chew on this
Posted by Dale Buss on February 28, 2012 03:04 PM
No brand wants to be caught on the wrong side of history, shifting consumer tastes or technological obsolescence. (See: Twinkies, BetaMax.)
So Mars, Inc. is bidding to get ahead of where the entire food industry seems to be going by vowing to stop selling chocolate products with more than 250 calories in them by the end of next year. It’s part of the company's ongoing corporate citizenship effort to improve the nutritional value of its products and to sell them in a responsible way.
Mars produces seven of the world’s 20 best-selling chocolate brands, including Snickers, Mars, Dove/Galaxy, M&M's, and non-chocolatey confections including Skittles and Juicy Fruit gum. Now, by deposing king-size chocolate bars, the 540-calorie king-size Snickers bar, for instance, will be a goner after next year.
As Mars noted on its Facebook page, the calorie-cutting efforts are part of a bigger responsible marketing commitment the company made five years ago to promote nutrition — and stop buying ad time or space if more than one quarter of the audience was estimated to be under 12 years old.Continue reading...
Posted by Mark J. Miller on November 23, 2011 09:01 AM
British candy maker Cadbury has been wrapping up its chocolates in a particular purple wrapper for more than 100 years. It was originally meant as a way of honoring Queen Victoria. The company felt so attached to that shade of the color that it registered it as a trademark back in 2008.
When it was granted, one of its main competitors, Nestlé, decided to put up a fight, which has gone on now for three years before ending when the registrar at the UK Intellectual Property Office decided that the Kraft-owned Cadbury was within its rights to ask for Pantone 2865c to be exclusively theirs for chocolate products and drinks.
If the trademark had been lifted, the Birmingham News reports that it would have “opened the floodgates for rivals, including supermarkets, to use the color on their own-brand chocolate bars.” Sweetening the sting of the ruling, Time.com notes that Nestle (and anyone else) can still use Pantone 2865c on any other products that they’d like.Continue reading...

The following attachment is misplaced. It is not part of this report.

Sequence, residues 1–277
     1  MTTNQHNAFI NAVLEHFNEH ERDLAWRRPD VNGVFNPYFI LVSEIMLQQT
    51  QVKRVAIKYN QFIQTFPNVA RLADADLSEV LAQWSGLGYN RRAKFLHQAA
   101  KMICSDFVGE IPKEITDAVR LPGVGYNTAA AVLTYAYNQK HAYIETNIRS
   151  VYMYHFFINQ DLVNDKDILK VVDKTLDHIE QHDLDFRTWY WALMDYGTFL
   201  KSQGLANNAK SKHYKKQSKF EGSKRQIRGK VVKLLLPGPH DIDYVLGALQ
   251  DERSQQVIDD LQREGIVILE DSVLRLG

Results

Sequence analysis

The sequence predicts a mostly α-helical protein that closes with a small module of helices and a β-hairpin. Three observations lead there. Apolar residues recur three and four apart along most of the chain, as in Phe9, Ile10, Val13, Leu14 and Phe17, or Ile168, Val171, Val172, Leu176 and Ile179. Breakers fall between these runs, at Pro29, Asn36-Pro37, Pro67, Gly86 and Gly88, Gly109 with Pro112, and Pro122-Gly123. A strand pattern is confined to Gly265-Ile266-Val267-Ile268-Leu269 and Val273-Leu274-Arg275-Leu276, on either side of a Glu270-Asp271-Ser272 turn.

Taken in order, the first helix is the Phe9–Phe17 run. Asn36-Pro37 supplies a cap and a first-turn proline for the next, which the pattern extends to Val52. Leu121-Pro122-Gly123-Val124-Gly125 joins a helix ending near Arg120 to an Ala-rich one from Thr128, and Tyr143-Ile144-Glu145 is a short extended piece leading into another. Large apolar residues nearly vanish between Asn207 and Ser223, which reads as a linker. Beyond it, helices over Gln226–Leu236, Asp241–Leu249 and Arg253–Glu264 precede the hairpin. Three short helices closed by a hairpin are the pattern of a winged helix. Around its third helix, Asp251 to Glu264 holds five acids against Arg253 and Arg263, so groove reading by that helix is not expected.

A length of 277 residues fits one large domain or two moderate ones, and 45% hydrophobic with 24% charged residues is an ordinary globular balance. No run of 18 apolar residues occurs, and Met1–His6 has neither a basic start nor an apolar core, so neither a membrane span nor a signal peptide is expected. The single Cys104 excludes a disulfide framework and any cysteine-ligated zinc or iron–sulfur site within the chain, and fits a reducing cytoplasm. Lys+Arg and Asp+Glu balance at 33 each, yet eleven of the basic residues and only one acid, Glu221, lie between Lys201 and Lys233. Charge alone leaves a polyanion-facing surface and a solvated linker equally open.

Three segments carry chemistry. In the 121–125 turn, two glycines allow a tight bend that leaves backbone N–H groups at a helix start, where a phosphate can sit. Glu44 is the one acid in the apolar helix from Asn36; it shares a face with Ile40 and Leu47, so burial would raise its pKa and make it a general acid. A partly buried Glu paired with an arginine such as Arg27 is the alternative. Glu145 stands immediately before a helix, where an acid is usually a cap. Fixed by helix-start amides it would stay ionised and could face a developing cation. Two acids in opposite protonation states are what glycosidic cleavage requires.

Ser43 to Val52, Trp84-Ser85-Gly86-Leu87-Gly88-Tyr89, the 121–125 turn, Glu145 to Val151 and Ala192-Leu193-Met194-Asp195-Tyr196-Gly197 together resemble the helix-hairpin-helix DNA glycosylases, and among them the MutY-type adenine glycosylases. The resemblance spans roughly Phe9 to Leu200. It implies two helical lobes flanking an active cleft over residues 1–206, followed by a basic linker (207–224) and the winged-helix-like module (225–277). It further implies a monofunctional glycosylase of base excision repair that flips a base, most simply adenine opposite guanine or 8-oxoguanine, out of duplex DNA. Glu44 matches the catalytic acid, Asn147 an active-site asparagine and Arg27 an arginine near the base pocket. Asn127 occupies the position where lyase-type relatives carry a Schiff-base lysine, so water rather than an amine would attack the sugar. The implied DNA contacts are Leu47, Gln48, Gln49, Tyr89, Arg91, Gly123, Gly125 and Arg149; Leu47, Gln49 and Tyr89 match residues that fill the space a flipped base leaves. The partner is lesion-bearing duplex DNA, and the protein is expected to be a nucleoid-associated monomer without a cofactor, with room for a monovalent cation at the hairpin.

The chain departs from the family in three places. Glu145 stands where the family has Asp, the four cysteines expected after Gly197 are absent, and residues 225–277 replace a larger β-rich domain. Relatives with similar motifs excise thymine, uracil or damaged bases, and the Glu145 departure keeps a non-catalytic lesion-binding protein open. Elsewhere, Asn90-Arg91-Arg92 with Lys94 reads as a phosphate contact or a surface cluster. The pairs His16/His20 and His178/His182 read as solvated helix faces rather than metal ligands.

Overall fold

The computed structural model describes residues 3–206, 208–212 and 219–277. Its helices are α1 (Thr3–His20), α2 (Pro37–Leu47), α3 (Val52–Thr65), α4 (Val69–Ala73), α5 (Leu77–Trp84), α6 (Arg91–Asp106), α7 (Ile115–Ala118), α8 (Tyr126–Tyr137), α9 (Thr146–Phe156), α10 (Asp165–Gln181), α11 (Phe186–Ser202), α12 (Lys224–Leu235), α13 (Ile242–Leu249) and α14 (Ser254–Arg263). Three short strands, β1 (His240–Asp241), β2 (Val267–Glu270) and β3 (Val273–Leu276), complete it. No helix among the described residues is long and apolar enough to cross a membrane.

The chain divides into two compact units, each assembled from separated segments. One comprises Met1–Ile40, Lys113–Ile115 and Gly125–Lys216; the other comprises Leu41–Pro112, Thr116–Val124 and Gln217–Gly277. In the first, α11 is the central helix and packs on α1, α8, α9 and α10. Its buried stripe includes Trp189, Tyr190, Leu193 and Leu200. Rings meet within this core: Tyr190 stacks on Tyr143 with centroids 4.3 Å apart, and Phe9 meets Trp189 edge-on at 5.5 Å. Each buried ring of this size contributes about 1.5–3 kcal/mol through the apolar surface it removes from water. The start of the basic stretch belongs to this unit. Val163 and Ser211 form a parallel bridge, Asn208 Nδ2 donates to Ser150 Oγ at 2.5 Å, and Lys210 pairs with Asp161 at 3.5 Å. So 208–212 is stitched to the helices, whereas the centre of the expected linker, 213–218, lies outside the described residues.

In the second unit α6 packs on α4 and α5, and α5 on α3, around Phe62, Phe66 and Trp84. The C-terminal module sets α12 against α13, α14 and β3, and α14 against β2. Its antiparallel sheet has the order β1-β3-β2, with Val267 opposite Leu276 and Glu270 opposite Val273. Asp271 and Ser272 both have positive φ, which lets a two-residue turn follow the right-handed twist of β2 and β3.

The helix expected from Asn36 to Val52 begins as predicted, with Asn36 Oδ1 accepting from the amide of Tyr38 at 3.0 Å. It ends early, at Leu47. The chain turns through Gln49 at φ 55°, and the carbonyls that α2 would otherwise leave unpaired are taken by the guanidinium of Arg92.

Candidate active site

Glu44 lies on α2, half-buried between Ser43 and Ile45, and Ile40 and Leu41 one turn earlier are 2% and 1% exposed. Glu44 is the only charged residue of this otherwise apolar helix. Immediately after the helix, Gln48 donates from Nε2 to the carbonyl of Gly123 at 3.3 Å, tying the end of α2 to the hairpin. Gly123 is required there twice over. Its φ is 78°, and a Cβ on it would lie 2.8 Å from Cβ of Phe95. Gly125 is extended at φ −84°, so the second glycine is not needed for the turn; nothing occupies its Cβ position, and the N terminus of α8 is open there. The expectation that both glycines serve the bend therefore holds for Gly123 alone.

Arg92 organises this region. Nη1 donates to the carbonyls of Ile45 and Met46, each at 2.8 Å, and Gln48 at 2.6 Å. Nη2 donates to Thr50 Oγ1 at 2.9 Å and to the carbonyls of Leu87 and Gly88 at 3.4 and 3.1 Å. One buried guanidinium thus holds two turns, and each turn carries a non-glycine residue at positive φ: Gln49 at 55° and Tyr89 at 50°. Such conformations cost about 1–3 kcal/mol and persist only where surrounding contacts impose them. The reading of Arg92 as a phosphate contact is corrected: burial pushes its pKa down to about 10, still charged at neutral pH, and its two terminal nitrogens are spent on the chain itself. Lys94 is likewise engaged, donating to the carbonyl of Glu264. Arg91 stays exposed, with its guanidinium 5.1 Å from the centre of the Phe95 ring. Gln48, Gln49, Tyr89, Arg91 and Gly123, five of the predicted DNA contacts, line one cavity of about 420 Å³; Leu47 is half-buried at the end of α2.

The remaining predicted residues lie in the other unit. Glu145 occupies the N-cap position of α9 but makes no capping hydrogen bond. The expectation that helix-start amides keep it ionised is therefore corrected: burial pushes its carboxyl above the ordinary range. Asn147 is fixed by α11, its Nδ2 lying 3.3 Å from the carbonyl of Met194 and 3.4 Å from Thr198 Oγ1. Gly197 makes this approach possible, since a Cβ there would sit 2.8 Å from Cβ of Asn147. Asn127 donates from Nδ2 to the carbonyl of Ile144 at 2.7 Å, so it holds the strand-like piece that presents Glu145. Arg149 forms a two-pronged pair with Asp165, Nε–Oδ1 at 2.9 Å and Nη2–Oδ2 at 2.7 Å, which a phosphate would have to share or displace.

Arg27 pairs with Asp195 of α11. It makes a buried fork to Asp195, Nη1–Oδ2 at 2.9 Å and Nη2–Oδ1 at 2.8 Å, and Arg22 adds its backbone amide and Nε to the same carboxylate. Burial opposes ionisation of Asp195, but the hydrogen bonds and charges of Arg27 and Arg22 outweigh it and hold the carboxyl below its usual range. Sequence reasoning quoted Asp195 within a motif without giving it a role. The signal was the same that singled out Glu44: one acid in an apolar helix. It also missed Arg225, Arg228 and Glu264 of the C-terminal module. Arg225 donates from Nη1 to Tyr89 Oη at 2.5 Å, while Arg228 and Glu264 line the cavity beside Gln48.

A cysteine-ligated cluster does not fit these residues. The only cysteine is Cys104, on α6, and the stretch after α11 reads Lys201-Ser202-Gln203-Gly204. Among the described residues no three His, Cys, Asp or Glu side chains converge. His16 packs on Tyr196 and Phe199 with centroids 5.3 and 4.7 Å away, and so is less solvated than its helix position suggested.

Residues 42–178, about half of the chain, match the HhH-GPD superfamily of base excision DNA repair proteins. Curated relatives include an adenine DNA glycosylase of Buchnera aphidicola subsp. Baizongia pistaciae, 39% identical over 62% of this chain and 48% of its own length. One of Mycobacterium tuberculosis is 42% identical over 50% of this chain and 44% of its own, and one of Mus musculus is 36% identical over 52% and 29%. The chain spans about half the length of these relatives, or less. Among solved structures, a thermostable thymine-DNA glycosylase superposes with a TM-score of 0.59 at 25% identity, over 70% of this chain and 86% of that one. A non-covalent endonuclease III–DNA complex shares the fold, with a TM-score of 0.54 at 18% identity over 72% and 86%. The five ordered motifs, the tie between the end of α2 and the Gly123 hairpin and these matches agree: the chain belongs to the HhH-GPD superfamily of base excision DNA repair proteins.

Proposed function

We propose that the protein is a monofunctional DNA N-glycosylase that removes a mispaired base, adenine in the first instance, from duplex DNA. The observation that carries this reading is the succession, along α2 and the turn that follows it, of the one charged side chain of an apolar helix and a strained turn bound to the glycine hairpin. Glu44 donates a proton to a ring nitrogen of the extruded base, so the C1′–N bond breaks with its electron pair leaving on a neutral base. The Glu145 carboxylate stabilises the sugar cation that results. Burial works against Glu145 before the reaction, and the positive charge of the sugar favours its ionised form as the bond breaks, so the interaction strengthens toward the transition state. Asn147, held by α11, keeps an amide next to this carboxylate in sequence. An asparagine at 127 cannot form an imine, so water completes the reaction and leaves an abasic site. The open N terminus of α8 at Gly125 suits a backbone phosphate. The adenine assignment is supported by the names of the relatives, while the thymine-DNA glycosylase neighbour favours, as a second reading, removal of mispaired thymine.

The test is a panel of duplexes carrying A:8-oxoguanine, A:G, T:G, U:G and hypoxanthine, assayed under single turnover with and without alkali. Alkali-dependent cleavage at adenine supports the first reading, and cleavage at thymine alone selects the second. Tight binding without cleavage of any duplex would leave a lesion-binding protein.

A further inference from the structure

Posted by Abe Sauer on May 16, 2011 12:00 PM
While Thor was #1 at the box office this past weeked (don't miss our Brandcameo product placement review of the film), perhaps a bigger product placement story involves another golden ticket.
The 40th anniversary of the release of Willy Wonka and the Chocolate Factory, the June 1971 adaptation of the Roald Dahl classic starring Gene Wilder, was the greatest reverse product placement of all time. But what few know is that Wonka was also to be one of the first big corporate product placements.Continue reading...
Posted by Barry Silverstein on February 23, 2011 11:00 AM
The first Easter candy was thought to be chocolate eggs, which appeared in Europe in the early 1800s. Cadbury has built an entire business around that concept, with over fifteen different chocolate egg products (including the seasonal Creme Egg) available for Easter.
But one of the most recognizable Easter candies in the U.S. is undoubtedly those little yellow marshmallow chicks known as Peeps. They're Justin Bieber's favorite candy, as Conan O'Brien teased him above, and they've inspired fans (from Washington Post readers to Zappos employees) to fashion them into artistic scenes.Continue reading...